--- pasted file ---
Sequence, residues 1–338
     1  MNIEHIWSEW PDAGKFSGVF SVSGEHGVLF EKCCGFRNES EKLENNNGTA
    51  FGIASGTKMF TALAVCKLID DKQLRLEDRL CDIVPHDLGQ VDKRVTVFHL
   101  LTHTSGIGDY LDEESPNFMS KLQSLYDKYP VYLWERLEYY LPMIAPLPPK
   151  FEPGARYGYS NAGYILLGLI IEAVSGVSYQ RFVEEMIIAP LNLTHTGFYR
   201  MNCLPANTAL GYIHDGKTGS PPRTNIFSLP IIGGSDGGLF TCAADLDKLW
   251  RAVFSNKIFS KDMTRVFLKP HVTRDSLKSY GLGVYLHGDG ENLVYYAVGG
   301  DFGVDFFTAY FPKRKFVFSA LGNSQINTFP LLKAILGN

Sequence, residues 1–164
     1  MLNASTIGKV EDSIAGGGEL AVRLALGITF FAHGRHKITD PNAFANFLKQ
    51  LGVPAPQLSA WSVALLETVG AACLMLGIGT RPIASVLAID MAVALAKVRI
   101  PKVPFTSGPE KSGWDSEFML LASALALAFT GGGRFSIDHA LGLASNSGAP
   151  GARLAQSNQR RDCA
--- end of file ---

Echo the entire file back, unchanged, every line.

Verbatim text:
Sequence, residues 1–338
     1  MNIEHIWSEW PDAGKFSGVF SVSGEHGVLF EKCCGFRNES EKLENNNGTA
    51  FGIASGTKMF TALAVCKLID DKQLRLEDRL CDIVPHDLGQ VDKRVTVFHL
   101  LTHTSGIGDY LDEESPNFMS KLQSLYDKYP VYLWERLEYY LPMIAPLPPK
   151  FEPGARYGYS NAGYILLGLI IEAVSGVSYQ RFVEEMIIAP LNLTHTGFYR
   201  MNCLPANTAL GYIHDGKTGS PPRTNIFSLP IIGGSDGGLF TCAADLDKLW
   251  RAVFSNKIFS KDMTRVFLKP HVTRDSLKSY GLGVYLHGDG ENLVYYAVGG
   301  DFGVDFFTAY FPKRKFVFSA LGNSQINTFP LLKAILGN

Sequence, residues 1–164
     1  MLNASTIGKV EDSIAGGGEL AVRLALGITF FAHGRHKITD PNAFANFLKQ
    51  LGVPAPQLSA WSVALLETVG AACLMLGIGT RPIASVLAID MAVALAKVRI
   101  PKVPFTSGPE KSGWDSEFML LASALALAFT GGGRFSIDHA LGLASNSGAP
   151  GARLAQSNQR RDCA